The Ministers’ Forum brought together over 30 Ministers of Health and Finance, as well as other delegates representing their Ministry of Health or Department of Health from over 25 countries with high maternal and newborn mortality to refocus high-level policy attention on maternal and newborn health. The forum consisted of a series of private meetings designed to review data and analyze the efforts to achieve MDG 5. These were working meetings aimed at identifying strategies to overcome the barriers to achieving MDG 5 and helping to reinvigorate national policies and programs that will ensure that countries can reach their targets by 2015. The result of the Ministers’ Forum was a consensus statement, which was part of advocacy efforts for the G8/G20 Summits and United Nations Special Meeting on the MDGs in September.
The delegates heard presentations and panels from experts on why reducing maternal mortality should be at the top of every nation’s development priorities; which programs and interventions have been shown to work best; what resources will be needed, globally and nationally, to implement effective interventions; and what kinds of political strategies will get us from where we are today to where we would like to be in 2015. The ministers and country delegations discussed the context of maternal and newborn health in their own countries. Special attention was paid to what kinds of advocacy efforts are needed to generate political will.
The first presentation the delegates heard was from Ruth Levine, Director of Evaluation, Policy Analysis & Learning at USAID. She highlighted six cost-effective solutions for women and girls:
- family planning
- skilled care
- safe abortion when & where legal
- prioritizing young people
- strengthening health systems with positive bias to girls & women
- advance & protect the human rights of girls & women
The next presentation was from Mayra Buvinic, World Bank, on the economic benefits of investing in women. Discussion centered on what can be done to allocate greater resources to maternal and women's health, what specific mechanisms are effective to encourage investments in women, and on how to sway economic and budgetary decision makers to get a health issue to the top of the agenda. A panel discussion facilitated by Steven Sinding, covered 'The Essentials: Political Will & Funding' and featured Tore Godal, Norway, Jotham Musinguzi, Uganda, Purnima Mane, UNFPA and Christoph Benn, Global Fund to Fight HIV, TB & Malaria. Topic: assessing the policy mechanisms in place to achieve solutions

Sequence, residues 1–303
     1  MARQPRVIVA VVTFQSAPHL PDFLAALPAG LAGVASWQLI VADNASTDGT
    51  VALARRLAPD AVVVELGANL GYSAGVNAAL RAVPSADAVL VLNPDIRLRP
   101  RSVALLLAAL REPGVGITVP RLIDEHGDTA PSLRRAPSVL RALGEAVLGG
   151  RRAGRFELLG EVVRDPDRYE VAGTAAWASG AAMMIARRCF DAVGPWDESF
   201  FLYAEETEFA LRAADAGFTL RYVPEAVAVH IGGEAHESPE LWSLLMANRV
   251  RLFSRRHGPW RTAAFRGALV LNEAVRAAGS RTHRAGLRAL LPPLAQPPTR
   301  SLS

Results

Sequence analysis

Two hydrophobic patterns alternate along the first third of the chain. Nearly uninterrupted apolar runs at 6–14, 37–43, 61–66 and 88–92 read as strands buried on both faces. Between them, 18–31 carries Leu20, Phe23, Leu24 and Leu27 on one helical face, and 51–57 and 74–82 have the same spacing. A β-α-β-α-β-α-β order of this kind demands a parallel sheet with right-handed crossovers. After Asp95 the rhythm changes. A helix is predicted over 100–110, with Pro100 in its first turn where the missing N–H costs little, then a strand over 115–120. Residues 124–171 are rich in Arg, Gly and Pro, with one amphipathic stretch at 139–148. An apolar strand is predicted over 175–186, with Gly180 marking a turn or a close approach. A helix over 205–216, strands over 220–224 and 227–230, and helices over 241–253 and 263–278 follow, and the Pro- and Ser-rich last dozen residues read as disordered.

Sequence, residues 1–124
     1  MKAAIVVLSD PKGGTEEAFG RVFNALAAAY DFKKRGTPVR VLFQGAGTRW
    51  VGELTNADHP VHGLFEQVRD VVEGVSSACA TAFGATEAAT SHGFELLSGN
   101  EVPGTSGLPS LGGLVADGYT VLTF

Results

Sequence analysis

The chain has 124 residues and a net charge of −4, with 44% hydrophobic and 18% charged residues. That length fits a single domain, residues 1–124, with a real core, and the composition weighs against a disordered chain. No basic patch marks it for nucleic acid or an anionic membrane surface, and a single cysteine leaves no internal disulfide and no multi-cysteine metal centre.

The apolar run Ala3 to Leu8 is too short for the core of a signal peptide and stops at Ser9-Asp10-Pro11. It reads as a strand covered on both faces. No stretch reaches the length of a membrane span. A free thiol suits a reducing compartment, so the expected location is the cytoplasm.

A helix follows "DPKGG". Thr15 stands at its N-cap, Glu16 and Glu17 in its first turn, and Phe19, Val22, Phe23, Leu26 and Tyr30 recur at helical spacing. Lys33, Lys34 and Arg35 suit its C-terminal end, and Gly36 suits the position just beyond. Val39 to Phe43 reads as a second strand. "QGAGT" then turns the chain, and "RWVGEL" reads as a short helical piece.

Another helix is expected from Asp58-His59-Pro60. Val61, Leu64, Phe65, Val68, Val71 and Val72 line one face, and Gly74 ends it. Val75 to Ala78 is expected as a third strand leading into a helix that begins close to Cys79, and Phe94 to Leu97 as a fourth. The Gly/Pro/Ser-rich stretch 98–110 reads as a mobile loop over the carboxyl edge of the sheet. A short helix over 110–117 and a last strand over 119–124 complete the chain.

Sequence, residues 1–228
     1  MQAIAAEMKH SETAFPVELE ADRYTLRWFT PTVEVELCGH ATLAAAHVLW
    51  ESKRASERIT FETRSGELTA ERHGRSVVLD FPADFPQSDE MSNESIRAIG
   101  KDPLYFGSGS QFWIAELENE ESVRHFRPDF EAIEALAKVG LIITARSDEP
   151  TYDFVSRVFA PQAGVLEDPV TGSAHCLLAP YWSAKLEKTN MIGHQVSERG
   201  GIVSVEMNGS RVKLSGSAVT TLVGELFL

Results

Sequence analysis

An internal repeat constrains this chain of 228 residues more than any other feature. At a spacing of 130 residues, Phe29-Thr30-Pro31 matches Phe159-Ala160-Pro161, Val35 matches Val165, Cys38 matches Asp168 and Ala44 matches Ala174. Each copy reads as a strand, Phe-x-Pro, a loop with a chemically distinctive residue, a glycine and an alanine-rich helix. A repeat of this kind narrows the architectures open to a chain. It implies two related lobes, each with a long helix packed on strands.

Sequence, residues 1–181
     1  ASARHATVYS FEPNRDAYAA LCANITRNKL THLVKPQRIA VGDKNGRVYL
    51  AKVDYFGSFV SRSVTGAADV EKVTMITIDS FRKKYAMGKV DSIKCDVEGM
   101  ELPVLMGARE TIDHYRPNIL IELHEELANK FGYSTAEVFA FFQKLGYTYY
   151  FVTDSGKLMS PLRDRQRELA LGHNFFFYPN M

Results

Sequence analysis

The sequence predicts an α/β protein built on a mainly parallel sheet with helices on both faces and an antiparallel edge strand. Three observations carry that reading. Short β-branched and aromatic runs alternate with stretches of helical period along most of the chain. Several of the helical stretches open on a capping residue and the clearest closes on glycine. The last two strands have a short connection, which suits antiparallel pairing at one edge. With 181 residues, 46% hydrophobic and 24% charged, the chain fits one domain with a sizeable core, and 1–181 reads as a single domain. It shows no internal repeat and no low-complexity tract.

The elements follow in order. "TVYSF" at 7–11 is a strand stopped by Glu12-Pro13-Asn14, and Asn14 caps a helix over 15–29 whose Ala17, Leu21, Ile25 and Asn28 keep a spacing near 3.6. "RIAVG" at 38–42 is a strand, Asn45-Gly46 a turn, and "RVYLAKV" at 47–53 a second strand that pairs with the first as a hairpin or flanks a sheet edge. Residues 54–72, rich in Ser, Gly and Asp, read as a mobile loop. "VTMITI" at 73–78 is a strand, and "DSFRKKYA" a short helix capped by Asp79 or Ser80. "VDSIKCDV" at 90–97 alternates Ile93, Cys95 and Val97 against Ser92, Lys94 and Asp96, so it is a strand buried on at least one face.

- The 1994 International Conference on Population and Development
- The 1995 International Conference on Women
- The 2005 Paris Declaration on AID Effectiveness
- The Millenium Development Goals
- The International Health Partnership
Discussion centered on these questions: Are these working? Have the world’s nations met the financial and policy commitments they signed on to in these agreements? If so, why are we here? If not, what are the barriers? Are governments being held accountable? What can policy makers themselves do in their own countries? How do they work with the legislative branch of government? What about working with NGOs and the private/corporate sector? What strategies might work in getting political leaders to give maternal mortality reduction the priority they have given to, say, AIDS treatment and care or, 20 years ago, to family planning?
Thoraya Obaid, Executive Director of the United Nations Population Fund and an Under-Secretary General of the United Nations, presented on the Secretary General's Global Strategy for Women’s and Children’s Health and Dame Billie Miller, Barbados, chaired the discussion. The strategy is a roadmap that identifies the finance and policy changes needed as well as critical interventions that can and do improve health and save lives. The Global Strategy lays out an approach for global, multi-sector collaboration.